Dirt bikes, ATVs, and Jeeps will find miles of dirt, rock, and mud here in Gunnison-Crested Butte. Old mining roads climb up and over treacherous and famous mountain passes like Pearl, Schofield, and Reno Divide. Miles of motorized singletrack trail networks allow dirt bikers to explore thousands of acres in the Elk and Sawatch Mountains.
Please make sure you have properly registered your OHV (off-highway vehicle) before riding it on public lands and be sure to follow all regulations and trail closures. If you are unsure of conditions or access please contact the National Forest Service or Bureau of Land Management in Gunnison. ATV’s and side-by-sides are not permitted to drive on Gunnison County roads. Look for the blue and yellow road signs if you are unsure.
There is an ongoing debate in the Gunnison National Forest, as there is in almost every Forest, about closing some trails to OHV. Don’t give OHV opponents any fuel in that effort—ride safely, respectfully, and legally and always follow Leave No Trace.
Need maps of the valley? Check out CBGTrails.com for the most-up-to-date maps of Gunnison Valley. Download the maps you need and you’ll get access even when you’re offline. You’ll also offset 22 pounds of carbon for every mile you track on the app!
Cement and Brush Creeks
Cement Creek and Brush Creek are dirt biker heaven. The red dirt hue, beautiful rock formations, and miles of sailing through evergreens are sure to put a smile on your face. Multiple trails cross the ridge between Cement and Brush Creek with one long trail (Double Top Trail #405) running, for the most part, along the crest. Multiple trails climb up to reach Trail #405 from both Cement Creek Road and Brush Creek Road and you can ride straight up and over on Block and Tackle Trail #545.
If a challenging drive is more your taste then try out Brush Creek Road, aka Pearl Pass Road. This road dates back to Colorado’s old mining days and was once the main road between Crested Butte and Aspen. Today it is a technical, often muddy route that goes into the heart of the Elk Mountains. If you have the clearance and tires and are up for a challenge you will be rewarded with views of some of the wildest places in the lower 48.
The Taylor Park ATV and OHV trail system would take a lifetime of vacations to explore thoroughly. Stretching out to Chaffee County and Cottonwood Pass on the east and connecting to the Cement Creek and Brush Creek motorized trails this area has the greatest choice of dirt roads and motorized single track in Gunnison County. Trips out to Taylor Pass or Reno Divide should be on any off-road enthusiast’s tick list.
Gunnison is the place to go for riders and drivers that want a different experience than what Crested Butte offers or don’t want to worry about snow in early summer or fall. Here, instead of mountain passes, it’s drives along the high mesas and sage scrublands that make up the lower Gunnison Valley. Hartman Rocks is conveniently located in Gunnison and has the highest concentration of trails in the lower valley. Be sure to check out the Flat Top trail and road network located off Ohio Pass Road for a chance to spot one of Gunnison County’s large elk herds.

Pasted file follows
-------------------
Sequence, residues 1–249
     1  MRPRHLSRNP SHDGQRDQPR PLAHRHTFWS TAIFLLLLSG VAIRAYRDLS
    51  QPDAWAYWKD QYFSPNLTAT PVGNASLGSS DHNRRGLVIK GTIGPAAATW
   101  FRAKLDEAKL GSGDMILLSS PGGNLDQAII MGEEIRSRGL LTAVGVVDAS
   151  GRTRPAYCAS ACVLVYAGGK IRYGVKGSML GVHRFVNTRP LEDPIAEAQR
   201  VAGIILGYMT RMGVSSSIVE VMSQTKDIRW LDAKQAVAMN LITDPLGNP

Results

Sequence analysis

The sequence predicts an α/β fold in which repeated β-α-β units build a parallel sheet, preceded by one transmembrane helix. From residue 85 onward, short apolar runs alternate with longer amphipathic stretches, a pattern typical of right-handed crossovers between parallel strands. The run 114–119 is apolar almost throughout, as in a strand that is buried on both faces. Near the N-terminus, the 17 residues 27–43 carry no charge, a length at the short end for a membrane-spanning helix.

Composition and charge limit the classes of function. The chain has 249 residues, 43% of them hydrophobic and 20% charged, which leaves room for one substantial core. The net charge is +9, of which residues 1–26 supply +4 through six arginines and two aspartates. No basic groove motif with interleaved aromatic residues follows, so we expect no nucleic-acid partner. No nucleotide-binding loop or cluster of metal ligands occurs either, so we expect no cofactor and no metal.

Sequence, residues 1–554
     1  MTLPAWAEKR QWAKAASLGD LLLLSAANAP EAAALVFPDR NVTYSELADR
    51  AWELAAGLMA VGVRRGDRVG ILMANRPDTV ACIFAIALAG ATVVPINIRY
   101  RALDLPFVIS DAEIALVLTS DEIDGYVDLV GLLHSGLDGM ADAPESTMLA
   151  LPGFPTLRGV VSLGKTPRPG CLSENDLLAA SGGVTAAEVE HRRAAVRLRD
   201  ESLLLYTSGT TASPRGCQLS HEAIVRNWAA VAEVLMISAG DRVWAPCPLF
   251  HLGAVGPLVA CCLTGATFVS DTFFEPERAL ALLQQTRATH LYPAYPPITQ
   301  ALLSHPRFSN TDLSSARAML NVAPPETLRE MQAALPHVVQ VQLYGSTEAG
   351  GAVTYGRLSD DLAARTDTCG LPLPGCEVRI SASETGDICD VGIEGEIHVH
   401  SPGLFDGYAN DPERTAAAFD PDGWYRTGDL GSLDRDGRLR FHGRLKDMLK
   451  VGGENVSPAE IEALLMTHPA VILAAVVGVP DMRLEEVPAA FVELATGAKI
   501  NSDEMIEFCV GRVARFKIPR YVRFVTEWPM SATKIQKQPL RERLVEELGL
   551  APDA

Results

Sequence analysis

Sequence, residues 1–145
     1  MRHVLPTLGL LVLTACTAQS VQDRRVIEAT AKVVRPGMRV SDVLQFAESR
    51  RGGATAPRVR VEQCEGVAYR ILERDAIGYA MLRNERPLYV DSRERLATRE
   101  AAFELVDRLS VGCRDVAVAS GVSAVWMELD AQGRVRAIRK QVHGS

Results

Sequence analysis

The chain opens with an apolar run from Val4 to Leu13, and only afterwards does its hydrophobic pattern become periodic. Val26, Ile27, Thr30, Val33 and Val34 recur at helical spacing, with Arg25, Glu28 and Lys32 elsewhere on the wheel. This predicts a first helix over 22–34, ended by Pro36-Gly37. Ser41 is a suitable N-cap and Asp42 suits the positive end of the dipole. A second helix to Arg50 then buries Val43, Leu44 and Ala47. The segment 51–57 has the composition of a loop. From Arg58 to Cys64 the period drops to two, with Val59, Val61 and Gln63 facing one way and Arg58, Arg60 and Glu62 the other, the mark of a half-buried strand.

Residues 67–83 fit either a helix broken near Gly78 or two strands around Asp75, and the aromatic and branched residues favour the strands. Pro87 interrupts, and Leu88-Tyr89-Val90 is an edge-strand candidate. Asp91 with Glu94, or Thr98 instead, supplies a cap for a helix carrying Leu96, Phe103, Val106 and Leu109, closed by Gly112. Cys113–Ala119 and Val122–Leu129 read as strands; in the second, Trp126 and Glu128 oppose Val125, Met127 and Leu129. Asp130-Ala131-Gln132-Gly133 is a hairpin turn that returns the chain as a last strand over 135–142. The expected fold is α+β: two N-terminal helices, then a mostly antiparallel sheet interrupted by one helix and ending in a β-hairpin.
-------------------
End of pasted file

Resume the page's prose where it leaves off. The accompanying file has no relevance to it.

Paradise Divide and Schofield Pass
This is the most popular OHV route in the area, and for good reason. If you are coming in the height of the season it may be best to avoid this one, but in the late summer/early fall this loop offers views from Maroon Bells to Irwin with lots of picnicking and sightseeing opportunities. The most popular loop is to drive out of Crested Butte towards the mountain. Take a right up Slate River Road and follow it up to the old mining town of Pittsburgh. From here some clearance is needed as the road switchbacks up for a couple miles. At the top of Paradise Divide you will find plenty of parking, a sign marking your accomplishment, and a couple alpine ponds.
Continue onward and after not too long you will find yourself with the option to go over Schofield Pass or turn left and go towards Marble and Crystal. The road to Marble and Crystal becomes very rugged as it travels past the Devil’s Punchbowls. Only capable drivers and short-wheelbase, narrow rigs can make the full drive from Schofield Pass all the way to Marble.
Most folks decide at this point to turn right and drive over Schofield Pass and make the quick jaunt to Emerald Lake just beyond. Continue driving down towards the townsite of Gothic, now the Rocky Mountain Biological Laboratory. Four miles later you’ll hit pavement at the Snodgrass Trailhead. Follow Gothic Road all the way into town and show off your new dirt paint job.